After all these years, I do remember one gem from that session. That was Brahms’s “Academic Festival Overture”. I recall a magnificent sound quality. While I’m on the subject of classical and semi-classical music, the great baritone Robert Merrill, at the beginning of his career at the Met recorded with Muzak at the beginning of his career. I remember an excellent job with “The Donkey Serenade” He was accompanied by Henri Nosco which still sounds like a phony name as it did then.

  2. Hi Joe –

    I researched our Archives and found some information on Arthur Fiedler for you.

    Arthur Fiedler recorded for us on 2/27/45 with a 48 piece orchestra. This recording was done at the Lotus Club located at 110 W. 57th St, New York, NY.

    He recorded for us again on 3/28/45 also with at 48 piece orchestra but this time it was done at Muzak Corporation Recording Studios.

    Those are the only two instances where a studio location is mentioned and no orchestra larger than 48 pieces was used.

    Hope this answers your question!

  3. Permit me now to comment on a great partiotic song from 1940 that I believe to be in the Muzak archives. That song, “I Am an American” was written by Carmen Dragon, the conductor of the Hollywood Bowl orchestra and father of Darryl Dragon who with his wife Toni Tenille was “The Captain and Tenille”

    In 1940, Irving Szathmary had a wonderful recording session at Muzak. Among his great arrangements that he recorded were the nursery rhyme “Jack and Jill”, Duke Ellington’s “Mood Indigo”, “The Call of the Canyon” and “I Am an American” The last two had singing by “The Seven Singing Serenaders”, a name that was used by a singing group that recorded with Freddy Rich, a few years before.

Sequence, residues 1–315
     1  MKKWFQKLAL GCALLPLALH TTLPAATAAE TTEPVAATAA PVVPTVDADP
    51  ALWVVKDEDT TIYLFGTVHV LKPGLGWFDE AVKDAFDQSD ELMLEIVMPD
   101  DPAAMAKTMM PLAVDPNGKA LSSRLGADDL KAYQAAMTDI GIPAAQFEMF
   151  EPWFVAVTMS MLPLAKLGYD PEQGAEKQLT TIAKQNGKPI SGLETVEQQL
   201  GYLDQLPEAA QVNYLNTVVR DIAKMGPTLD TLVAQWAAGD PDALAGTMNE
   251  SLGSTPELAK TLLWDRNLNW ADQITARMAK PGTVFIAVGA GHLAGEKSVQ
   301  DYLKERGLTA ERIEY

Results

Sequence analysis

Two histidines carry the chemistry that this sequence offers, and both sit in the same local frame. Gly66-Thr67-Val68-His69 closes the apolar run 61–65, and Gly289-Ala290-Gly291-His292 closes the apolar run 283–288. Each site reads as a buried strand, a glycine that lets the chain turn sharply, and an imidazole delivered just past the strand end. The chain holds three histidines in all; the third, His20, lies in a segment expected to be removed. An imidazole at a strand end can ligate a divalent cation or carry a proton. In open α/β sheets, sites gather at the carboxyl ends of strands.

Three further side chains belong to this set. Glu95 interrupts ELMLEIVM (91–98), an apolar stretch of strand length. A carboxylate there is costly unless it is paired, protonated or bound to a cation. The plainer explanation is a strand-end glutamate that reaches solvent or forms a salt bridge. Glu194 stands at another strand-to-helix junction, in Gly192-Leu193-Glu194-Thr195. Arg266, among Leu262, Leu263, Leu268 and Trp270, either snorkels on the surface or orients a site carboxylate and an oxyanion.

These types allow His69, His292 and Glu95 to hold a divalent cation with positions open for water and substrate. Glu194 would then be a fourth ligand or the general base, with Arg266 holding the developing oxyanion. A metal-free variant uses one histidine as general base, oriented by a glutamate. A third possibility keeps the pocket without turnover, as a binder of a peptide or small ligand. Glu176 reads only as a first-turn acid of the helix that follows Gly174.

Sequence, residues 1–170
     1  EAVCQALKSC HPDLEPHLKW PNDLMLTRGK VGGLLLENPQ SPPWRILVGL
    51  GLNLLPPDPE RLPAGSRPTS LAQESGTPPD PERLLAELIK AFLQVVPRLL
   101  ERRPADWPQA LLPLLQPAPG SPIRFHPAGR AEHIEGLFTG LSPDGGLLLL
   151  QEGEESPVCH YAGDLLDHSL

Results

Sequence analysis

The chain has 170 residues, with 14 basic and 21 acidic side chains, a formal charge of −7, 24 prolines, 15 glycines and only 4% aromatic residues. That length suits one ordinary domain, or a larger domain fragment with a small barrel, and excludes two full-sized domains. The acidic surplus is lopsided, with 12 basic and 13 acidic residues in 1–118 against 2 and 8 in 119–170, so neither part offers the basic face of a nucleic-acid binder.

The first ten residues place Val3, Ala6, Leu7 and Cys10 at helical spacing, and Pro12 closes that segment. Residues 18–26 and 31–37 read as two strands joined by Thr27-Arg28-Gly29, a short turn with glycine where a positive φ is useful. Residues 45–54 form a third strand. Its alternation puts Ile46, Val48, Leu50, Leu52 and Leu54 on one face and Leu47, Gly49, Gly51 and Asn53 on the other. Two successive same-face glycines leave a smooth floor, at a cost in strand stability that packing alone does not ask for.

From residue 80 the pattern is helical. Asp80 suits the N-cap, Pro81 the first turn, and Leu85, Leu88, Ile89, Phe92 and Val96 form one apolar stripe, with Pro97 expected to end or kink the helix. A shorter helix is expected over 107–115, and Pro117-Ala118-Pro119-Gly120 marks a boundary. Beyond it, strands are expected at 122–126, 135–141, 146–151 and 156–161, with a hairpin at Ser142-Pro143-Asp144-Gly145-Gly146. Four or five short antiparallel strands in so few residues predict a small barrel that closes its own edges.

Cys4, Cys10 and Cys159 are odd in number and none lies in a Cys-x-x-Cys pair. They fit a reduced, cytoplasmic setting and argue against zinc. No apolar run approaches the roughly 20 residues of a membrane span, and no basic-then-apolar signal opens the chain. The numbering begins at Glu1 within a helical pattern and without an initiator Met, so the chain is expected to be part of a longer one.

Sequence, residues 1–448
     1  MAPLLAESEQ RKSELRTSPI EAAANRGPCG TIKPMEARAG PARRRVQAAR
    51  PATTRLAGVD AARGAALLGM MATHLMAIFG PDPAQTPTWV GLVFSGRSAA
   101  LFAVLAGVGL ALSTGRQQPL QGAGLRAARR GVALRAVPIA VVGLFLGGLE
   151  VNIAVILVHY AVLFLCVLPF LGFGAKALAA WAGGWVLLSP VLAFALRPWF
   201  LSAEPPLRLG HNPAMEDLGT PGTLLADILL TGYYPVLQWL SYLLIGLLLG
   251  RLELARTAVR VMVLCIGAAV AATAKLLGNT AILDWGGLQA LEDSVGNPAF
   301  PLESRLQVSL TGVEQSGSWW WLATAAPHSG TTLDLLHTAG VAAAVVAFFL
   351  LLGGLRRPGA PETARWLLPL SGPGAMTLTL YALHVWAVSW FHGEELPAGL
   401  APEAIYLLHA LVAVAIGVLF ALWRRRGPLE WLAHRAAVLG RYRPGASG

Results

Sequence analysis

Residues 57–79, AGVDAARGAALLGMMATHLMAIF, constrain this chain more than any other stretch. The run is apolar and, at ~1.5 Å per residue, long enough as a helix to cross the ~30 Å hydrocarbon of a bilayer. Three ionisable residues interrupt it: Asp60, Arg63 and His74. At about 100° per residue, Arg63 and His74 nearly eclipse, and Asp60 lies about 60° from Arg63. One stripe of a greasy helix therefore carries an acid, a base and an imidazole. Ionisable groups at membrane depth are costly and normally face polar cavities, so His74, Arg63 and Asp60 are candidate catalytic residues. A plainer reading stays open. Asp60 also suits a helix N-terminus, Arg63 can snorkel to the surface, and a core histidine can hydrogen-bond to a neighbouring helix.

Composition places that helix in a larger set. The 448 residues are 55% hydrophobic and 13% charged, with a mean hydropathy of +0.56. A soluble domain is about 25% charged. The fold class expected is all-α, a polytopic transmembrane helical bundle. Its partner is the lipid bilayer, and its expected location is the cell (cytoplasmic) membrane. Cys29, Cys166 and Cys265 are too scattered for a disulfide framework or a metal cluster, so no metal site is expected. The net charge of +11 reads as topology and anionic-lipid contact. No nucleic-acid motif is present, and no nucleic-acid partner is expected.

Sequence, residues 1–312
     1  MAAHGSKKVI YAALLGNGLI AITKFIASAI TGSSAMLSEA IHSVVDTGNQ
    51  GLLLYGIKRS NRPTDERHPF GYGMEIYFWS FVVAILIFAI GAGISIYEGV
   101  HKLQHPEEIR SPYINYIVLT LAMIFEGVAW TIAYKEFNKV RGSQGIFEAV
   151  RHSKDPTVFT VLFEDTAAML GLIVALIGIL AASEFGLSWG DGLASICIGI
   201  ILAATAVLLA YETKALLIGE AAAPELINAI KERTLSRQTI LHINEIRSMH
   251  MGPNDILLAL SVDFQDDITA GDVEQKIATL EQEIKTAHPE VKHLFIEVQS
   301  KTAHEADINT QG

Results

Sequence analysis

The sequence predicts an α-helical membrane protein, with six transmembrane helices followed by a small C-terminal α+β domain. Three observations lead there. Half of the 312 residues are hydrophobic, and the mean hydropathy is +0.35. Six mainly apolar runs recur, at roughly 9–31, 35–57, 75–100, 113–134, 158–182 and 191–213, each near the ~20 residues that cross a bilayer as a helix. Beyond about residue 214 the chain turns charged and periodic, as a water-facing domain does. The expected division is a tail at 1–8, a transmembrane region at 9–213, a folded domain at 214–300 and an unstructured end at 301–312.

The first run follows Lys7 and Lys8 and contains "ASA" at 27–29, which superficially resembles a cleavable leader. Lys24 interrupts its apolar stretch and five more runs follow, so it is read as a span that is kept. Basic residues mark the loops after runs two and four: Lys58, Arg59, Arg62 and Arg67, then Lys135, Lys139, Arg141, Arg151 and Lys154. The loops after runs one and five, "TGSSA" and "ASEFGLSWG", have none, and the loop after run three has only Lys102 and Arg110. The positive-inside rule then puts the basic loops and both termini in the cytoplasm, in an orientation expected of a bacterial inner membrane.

Szathmary, deceased for a long time, was the brother of the comedian Bil Dana who I think is still with us. Later, he wrote the theme and conducted the orchestra for the wonderful TV series “Get Smart”. He was involved with several transcription companies. For a while, he was the A&R man for Lang-Worth. I am not sure, but I think he was the anonymous conductior for “The Silver Strings Serenadors” He liked to fool around with classical compositions especially some by Bach. At one point he called his arrangements, “swingphonic”.

    After 9-11, with all the patriotic singing, I had hoped that someone would find “I Am an American” and revive it. I even Emailed Toni Tenille about her father-in law’s work, but received no response. I would love to have somebody involved in the Muzak archives to retrieve and play “I Am an American” by Szathmary” and tell me what you think. Thanks

    Joe Adams

  4. I found a collection of approximately 500 transcription discs in a steel case with a card catalogue in my parents basement. The red discs are exactly like the one in the above picture. Are they of any value or significance?

  5. This is exciting information. I’d love to talk with you more. I will contact you over the next day.

  6. That sounds great.

  7. To: Lois V

    I am very interested in the Associated transcriptions.

    Cloyd Peterson